Pennsylvania lawmaker explains personal ties to fetal remains bill

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HARRISBURG, Pa. (WHTM) — In a matter of moments, euphoria can turn to despair for expecting parents.

According to the Mayo Clinic, 10 to 20 percent of pregnancies end in miscarriage.

A Pennsylvania state lawmaker knows that heartache and is working on a bill that he believes will help alleviate some of that anguish for other parents.

“We lost our child, and then I lost his remains,” said Rep. Frank Ryan (R-Lebanon).

In 1978, Frank Ryan lost his first child, baby Eddie, in a late-term miscarriage. A few hours later, he tried to claim the remains, but they were gone. 

“I think it’s important that people hear the word that’s used. It’s medical hazardous waste, and for me — that’s my child,” Ryan said.

Ryan said he and his wife felt isolated in their grief. He said it was something people didn’t talk about and were expected to just ‘get over.’

Decades later, he doesn’t want anyone to just ‘get over it.’ His bill would require hospitals to give patients the option of receiving a child’s remains.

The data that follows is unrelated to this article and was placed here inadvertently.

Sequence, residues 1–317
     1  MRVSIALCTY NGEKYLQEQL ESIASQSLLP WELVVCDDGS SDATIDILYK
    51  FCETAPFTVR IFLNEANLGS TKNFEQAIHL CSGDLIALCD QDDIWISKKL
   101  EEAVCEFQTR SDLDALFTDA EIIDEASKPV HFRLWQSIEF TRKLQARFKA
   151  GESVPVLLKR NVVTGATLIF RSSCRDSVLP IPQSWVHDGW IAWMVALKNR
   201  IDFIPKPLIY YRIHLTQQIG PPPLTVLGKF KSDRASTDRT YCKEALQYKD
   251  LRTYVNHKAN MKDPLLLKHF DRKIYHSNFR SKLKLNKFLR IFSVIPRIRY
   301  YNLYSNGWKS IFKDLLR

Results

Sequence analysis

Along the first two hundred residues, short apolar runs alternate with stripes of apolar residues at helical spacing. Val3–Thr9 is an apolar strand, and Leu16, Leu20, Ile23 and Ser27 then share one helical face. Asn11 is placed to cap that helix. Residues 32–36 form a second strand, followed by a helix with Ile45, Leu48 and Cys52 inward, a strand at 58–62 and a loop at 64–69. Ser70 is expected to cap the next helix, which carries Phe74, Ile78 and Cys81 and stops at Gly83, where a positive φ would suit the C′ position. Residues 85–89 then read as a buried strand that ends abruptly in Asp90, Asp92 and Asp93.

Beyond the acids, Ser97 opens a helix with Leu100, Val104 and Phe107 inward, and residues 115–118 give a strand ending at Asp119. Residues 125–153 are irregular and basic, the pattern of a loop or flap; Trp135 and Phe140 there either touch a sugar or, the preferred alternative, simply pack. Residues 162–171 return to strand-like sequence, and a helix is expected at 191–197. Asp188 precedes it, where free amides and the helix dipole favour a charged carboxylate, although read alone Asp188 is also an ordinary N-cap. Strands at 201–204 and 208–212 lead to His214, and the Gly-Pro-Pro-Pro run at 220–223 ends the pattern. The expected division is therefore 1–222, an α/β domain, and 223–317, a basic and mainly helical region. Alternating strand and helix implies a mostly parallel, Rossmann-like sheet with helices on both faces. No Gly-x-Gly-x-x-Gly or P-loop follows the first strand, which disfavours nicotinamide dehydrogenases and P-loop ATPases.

“It’s strictly voluntary. Some of the initial reports came out and said that it wasn’t and it was mandated a funeral, which was just pure nonsense. That would be cruel.” Ryan said.

Some opponents still call Ryan’s bill cruel.

“This measure is intended to harass health care providers as well as shame patients seeking an abortion. This is just another restriction being pushed by opponents of reproductive rights with the intention to chip away and ultimately eliminate access to safe, legal abortion care in Pennsylvania,” said Ashley Lenker White, executive director of Planned Parenthood Pennsylvania.

Ryan says his bill is not about abortion and Planned Parenthood’s misgivings are misplaced.

“If we allow you to do that, we’re acknowledging that it really is a child, and I think that’s what their visceral reaction is, but I can’t say for sure because I haven’t talked to them and they haven’t reached out to me,” Ryan said.

Many people who have experienced the grief did reach out to Ryan. He said their support has been overwhelmingly positive.

“If this bill does nothing else, then help grieve the loss of a child, [I will be satisfied]” Ryan said.

When lawmakers return, the bill will pick back up on its third consideration in the House. Ryan is hopeful that it will pass go on to pass in the Senate.

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